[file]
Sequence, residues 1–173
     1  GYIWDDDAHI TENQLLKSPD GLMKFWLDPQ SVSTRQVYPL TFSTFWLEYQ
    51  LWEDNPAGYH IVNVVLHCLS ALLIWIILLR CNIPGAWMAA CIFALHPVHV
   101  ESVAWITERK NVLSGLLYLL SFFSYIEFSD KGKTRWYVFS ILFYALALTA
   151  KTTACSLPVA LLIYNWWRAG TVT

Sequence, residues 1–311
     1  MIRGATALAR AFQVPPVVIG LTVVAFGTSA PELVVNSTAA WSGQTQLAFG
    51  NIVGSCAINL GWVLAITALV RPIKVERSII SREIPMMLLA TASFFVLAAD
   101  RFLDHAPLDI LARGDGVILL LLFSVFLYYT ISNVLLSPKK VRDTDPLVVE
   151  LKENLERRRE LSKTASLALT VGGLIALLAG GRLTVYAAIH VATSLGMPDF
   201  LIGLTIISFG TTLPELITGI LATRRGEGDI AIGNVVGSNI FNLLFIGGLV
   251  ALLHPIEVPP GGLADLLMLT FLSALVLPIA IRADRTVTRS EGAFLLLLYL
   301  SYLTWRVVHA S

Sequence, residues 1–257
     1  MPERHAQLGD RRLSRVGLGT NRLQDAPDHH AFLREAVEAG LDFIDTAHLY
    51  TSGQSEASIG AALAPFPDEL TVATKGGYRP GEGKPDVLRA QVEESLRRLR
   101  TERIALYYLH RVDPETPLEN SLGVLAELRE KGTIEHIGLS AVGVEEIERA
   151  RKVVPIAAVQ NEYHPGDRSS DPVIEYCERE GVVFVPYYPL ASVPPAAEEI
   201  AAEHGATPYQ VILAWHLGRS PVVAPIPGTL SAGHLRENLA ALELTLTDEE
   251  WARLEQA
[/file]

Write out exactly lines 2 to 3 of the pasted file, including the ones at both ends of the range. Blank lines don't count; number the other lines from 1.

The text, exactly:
     1  GYIWDDDAHI TENQLLKSPD GLMKFWLDPQ SVSTRQVYPL TFSTFWLEYQ
    51  LWEDNPAGYH IVNVVLHCLS ALLIWIILLR CNIPGAWMAA CIFALHPVHV